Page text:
All of which is a subtext to the offer which El understands, and eventually decides she can withstand… because she needs the sensation of physical closeness. “I know, I know, but… I wanted the kiss.”
I don’t think this is a “betrayal” of Orion because I don’t think she and Orion made any vows of exclusivity. Again, I might be wrong about that, because it’s been a while since I read The Last Graduate.
@Stven: It took me a while to get Orion’s reprieve but I got it after I read the book a second time. El combined three spells to save him, her own spell, “You’re already dead,” the Scholomance spell, “Protect all the wise-gifted children of the world,” and finally the Golden Stone sutras’ spell, “Stay and be shelter.” She made Orion be/do all of those things by killing the maw-mouth that was the foundation stone holding him in the void and giving him the Golden Stone foundation instead, as well as imbuing him with the mission to protect Scholomance students.
Li Shanfeng says that Orion’s unique power was created when Ophelia took her embryo and made it into a maw-mouth, a tiny foundation in the void, and then she dressed it in her child’s skin. This makes me think that she might have, in some magical way, turned the embryonic child inside out, so that the maw-mouth was inside him and on the outside he was the fetal-curled body that El always sees when she kills maw-mouths, that last piece to come out, which is the originally-sacrificed person, what Liu would have been had the Beijing enclave carried out their plan. In a typical maw-mouth the sacrificed body is the last part to come out, the thing at the center, but with Orion it’s the reverse. There is some indication that this is what Ophelia did in what El says when she considers Orion’s plea to die in light of what Li just told her about Ophelia’s methods.
Perhaps, because that fetal-curled body always comes out of maw-mouths last, essentially separated from the maw-mouth by the maw-mouth’s death, El thought that it could not only be separated from a maw-mouth at the moment of that maw-mouth’s death but also, if given another foundation to replace the maw-mouth, could even survive once separated from the maw-mouth, since there was nothing evil in it when the maw-mouth was first brought into being. Each of the fetal bodies was a strict mana person like Liu, sacrificed to the evil enclave-building spell, at each maw-mouth and enclave’s inception. They were purer in that way than everything around them, the opposite of the maw-mouths that powered their immortal lives.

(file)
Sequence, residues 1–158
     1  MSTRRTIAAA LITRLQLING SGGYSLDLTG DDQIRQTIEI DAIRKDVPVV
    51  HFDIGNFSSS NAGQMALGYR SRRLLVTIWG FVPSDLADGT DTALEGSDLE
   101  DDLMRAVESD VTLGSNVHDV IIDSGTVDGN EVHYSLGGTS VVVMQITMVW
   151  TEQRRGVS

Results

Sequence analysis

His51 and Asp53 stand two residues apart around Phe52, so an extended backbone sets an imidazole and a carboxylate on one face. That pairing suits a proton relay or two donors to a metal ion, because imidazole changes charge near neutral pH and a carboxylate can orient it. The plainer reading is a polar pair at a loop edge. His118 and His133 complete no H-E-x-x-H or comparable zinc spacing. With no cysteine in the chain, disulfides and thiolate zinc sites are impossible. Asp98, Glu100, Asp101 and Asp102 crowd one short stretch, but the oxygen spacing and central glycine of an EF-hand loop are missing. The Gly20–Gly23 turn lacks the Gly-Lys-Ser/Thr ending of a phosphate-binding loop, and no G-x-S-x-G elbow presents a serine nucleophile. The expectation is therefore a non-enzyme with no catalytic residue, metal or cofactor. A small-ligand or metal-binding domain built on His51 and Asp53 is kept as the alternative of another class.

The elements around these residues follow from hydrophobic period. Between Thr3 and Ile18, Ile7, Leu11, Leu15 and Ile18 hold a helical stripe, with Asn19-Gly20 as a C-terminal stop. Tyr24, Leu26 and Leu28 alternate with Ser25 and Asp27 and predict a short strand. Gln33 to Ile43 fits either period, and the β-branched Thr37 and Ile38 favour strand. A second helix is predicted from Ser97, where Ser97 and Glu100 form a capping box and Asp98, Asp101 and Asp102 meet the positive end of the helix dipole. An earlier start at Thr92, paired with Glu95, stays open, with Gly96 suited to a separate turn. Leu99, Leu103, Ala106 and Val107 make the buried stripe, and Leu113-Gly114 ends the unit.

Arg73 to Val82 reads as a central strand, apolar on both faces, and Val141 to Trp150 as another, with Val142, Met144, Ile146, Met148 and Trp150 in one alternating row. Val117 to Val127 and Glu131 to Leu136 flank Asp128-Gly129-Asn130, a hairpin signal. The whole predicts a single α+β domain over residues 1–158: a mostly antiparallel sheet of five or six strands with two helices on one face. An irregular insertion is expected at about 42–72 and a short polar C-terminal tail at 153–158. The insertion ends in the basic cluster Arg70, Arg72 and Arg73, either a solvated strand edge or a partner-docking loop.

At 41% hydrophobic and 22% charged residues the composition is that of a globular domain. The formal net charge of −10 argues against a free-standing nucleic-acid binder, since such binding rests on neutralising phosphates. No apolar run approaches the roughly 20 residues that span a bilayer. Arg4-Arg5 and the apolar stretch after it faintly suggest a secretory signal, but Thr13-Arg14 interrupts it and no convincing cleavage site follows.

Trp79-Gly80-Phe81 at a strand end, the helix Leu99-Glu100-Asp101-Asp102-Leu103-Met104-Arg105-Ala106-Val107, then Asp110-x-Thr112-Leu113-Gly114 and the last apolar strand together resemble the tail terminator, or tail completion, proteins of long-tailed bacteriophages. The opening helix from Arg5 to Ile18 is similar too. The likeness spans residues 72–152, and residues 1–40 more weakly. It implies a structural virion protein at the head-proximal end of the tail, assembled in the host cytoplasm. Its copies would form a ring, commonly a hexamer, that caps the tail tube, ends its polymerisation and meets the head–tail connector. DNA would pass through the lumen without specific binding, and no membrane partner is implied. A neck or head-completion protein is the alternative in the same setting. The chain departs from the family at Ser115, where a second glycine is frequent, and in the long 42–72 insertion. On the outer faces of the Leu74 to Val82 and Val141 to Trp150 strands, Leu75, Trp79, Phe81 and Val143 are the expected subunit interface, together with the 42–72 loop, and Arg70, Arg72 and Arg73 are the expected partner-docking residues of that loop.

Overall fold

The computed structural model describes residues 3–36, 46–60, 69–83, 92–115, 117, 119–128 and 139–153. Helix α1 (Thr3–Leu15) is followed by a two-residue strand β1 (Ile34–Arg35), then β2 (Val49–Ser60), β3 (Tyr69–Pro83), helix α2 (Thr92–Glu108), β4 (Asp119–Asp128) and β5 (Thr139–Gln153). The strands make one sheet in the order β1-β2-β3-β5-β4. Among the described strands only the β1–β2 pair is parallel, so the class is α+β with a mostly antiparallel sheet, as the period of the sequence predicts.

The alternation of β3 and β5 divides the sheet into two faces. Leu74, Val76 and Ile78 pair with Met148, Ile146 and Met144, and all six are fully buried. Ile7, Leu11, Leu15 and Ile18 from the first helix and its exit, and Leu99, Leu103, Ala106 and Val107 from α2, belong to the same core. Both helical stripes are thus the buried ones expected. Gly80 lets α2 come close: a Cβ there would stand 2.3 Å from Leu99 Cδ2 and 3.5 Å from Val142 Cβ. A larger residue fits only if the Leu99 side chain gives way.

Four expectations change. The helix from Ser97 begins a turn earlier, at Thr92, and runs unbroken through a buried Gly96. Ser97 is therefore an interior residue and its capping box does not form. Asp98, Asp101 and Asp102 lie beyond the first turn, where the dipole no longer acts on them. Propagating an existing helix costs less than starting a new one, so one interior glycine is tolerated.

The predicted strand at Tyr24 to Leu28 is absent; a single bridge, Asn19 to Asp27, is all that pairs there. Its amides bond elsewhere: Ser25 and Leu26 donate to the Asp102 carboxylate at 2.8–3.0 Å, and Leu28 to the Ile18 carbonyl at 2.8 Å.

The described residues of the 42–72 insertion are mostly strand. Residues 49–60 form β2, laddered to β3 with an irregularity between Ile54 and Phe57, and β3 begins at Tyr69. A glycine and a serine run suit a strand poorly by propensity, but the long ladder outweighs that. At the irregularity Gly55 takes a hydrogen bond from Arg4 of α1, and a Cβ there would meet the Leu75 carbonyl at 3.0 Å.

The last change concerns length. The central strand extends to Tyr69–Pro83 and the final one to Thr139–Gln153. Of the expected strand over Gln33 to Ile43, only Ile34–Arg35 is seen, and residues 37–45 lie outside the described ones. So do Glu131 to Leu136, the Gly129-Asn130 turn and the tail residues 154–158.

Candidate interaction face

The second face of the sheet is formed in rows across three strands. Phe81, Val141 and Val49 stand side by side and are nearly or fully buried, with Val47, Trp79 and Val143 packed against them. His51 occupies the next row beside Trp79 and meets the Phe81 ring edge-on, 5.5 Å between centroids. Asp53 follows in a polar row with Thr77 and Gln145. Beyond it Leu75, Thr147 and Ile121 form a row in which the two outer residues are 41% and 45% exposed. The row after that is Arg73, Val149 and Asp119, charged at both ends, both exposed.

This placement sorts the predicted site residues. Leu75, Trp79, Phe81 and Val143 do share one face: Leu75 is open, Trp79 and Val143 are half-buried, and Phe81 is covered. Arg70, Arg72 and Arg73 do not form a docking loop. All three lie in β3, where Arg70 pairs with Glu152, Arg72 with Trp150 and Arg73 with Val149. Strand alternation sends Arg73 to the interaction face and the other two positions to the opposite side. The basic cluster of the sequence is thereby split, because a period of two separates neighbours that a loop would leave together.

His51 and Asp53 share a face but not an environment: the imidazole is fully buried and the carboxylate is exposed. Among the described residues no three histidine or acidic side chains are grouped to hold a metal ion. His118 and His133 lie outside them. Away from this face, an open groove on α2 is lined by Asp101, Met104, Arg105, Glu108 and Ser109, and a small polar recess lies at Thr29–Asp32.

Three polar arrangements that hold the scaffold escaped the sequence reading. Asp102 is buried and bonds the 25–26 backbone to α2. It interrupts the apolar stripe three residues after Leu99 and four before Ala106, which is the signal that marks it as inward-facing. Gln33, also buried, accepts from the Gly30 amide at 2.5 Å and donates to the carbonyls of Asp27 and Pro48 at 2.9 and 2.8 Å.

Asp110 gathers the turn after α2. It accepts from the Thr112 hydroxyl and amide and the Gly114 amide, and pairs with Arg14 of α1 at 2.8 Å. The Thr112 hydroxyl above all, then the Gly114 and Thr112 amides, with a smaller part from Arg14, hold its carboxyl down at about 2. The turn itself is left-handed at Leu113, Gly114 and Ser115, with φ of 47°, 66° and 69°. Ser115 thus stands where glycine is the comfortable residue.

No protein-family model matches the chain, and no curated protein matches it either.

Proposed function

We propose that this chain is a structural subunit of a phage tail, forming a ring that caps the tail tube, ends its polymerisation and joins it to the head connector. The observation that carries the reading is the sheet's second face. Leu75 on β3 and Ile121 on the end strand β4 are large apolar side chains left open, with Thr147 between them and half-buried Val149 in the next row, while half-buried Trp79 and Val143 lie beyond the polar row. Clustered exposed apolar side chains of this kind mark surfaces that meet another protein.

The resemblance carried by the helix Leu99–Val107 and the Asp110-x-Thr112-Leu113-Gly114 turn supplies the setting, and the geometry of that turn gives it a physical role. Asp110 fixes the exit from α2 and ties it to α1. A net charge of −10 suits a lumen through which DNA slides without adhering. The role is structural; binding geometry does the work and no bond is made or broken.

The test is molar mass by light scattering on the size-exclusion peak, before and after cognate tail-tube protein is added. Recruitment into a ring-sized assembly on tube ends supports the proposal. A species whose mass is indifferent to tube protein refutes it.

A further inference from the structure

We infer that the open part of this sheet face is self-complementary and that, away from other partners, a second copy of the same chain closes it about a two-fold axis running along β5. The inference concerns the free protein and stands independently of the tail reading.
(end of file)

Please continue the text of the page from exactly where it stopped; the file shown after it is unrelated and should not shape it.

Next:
And (speculating further) maybe Orion being turned inside out made that more doable. In his case the sacrificed human at the center was made to be on the outside, and could walk and talk in the world and interact with others and develop feelings and relationships and be a (partly) human being.
(An innocent and in his own way strict-mana human being. The outer him only saved people and never wanted to harm them. It was only after coming face to face with the inner him and giving up hope for the survival of anything good in him that maw-mouth behavior started leaking out of him. In recognizing what he was, his belief that he wasn’t that started fading away, and belief counts for a lot in this magic system. That’s why Gwen giving him hope was so essential.)
His being able to be on the outside, within the world enough to form a life (in the figurative sense—have a life of his own in the same way we all have lives of our own), may have made it easier to make it possible for him to survive when separated from the maw-mouth.